Onyx Pharmaceuticals' saw its shares close up nearly 12% Friday after US regulators granted its jab Kyprolis a speedy approval for the treatment of the blood cancer multiple myeloma.
Specifically, the US Food and Drug Administration gave the thumbs up for Kyprolis (carfilzomib) to treat patients with multiple myeloma whose disease has progressed despite having had at least two prior therapies, including bortezomib and an immunomodulatory agent.
The accelerated approval - which allows regulators to OK a drug to treat a serious disease based on clinical data showing that it has an effect on a surrogate endpoint that is likely to predict a clinical benefit - came on the back of data from a Phase IIb 003-A1 study, in which the overall response rate to the drug was found to be 22.9% and median response duration was 7.8 months.
On the down side, there are some pretty hefty adverse reactions possible from taking the drug, including heart failure and shortness of breath, and patients "should be monitored closely and treatment withheld" should these occur, FDA officials said.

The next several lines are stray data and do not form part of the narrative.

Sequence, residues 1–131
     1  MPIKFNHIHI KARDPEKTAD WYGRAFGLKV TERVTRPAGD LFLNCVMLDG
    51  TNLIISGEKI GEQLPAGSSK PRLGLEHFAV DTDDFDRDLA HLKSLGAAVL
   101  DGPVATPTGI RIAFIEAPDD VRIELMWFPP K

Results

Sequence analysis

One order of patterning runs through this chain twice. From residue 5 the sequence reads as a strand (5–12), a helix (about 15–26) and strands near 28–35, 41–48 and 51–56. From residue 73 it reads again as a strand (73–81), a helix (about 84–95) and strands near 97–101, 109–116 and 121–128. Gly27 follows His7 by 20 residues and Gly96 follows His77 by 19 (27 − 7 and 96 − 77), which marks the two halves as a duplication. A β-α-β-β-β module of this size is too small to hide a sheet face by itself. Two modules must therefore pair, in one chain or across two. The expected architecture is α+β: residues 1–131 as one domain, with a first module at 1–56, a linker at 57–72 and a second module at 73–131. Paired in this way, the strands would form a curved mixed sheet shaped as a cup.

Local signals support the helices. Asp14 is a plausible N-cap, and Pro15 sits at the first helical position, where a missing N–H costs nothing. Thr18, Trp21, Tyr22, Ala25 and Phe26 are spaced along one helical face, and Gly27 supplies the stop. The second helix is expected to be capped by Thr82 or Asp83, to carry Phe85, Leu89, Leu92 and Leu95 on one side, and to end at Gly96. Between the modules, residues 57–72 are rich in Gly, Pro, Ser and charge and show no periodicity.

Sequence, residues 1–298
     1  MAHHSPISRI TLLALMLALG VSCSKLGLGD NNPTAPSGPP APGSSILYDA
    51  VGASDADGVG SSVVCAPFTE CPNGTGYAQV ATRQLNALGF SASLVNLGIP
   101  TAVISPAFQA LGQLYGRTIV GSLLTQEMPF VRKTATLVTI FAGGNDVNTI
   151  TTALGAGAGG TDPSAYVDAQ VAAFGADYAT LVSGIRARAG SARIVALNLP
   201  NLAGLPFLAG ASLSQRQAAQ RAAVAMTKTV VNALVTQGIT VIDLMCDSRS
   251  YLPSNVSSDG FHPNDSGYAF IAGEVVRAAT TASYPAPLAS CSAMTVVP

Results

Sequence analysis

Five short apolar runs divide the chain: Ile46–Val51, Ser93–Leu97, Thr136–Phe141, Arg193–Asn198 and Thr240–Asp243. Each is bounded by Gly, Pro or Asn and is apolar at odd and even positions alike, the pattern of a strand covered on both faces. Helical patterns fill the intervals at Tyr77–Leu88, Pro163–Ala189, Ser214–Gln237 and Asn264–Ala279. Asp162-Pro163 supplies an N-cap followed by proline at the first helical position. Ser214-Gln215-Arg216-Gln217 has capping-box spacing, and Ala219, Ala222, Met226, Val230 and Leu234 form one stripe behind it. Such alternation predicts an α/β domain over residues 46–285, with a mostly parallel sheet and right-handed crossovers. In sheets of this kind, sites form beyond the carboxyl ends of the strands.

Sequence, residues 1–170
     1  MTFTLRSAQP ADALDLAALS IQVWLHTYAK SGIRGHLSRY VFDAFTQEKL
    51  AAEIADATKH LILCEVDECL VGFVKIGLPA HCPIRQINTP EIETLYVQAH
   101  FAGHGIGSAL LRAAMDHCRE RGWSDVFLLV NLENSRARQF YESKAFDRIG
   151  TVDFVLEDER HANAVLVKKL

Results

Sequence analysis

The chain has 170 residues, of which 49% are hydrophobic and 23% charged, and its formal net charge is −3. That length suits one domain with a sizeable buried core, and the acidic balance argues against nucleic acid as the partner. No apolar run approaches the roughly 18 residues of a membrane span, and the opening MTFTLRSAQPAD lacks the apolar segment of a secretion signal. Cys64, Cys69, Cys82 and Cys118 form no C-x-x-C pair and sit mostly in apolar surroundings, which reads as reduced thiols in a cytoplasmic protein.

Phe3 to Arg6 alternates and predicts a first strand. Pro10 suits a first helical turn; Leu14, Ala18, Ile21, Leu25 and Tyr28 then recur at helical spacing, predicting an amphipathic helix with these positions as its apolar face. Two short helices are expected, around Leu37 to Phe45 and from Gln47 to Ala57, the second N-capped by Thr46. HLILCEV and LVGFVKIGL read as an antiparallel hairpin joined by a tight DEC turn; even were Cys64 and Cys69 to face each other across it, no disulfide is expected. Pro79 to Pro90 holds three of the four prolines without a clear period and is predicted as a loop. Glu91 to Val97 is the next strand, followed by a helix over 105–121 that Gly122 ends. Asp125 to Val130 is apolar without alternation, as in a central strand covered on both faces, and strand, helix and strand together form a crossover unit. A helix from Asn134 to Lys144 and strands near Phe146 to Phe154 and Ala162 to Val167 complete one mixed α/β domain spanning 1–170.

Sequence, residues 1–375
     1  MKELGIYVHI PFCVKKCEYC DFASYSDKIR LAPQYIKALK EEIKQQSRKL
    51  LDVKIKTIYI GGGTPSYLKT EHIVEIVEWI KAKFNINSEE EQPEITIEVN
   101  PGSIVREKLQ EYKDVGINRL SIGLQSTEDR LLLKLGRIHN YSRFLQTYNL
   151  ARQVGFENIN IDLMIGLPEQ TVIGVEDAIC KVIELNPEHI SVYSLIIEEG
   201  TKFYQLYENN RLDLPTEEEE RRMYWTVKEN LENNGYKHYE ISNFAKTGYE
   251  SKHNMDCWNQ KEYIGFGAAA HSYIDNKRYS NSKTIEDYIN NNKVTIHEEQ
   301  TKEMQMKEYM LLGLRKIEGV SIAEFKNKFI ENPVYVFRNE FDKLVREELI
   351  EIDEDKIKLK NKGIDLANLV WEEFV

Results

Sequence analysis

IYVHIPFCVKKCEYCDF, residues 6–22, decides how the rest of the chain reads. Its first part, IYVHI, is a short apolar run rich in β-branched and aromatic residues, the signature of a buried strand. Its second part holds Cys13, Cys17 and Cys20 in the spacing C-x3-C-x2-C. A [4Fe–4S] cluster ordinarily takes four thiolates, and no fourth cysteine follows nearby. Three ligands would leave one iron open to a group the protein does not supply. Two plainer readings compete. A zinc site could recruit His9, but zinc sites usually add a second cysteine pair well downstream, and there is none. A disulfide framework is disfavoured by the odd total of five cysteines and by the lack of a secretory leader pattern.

The most common side effects observed - in more than 30% of patients taking part in the study - were fatigue, low blood cell count and blood platelet levels, shortness of breath, diarrohea, and fever.
Nevertheless, regulators judged that the treatment's benefits would likely outweigh the risks despite the absence of a full set of clinical trial data. Onyx said that enrollment in a Phase III confirmatory clinical trial, known as ASPIRE, is now complete.
New treatment option
"This approval provides a new treatment option for the significant unmet need that exists in patients with multiple myeloma who have progressed after use of available treatments," said David Siegel, Chief of the Division of Multiple Myeloma at John Theurer Cancer Center at Hackensack University Medical Center, welcoming the decision.
"The single-agent activity of Kyprolis provides clinicians the opportunity to help these patients who until now had no effective options," he added.
Annual sales of the drug could hit $682.7 million in 2016, according to the average of six analysts’ estimates compiled by Bloomberg, which would add significant ballast to the the firm's yearly revenues, which came in at $447 million in 2011.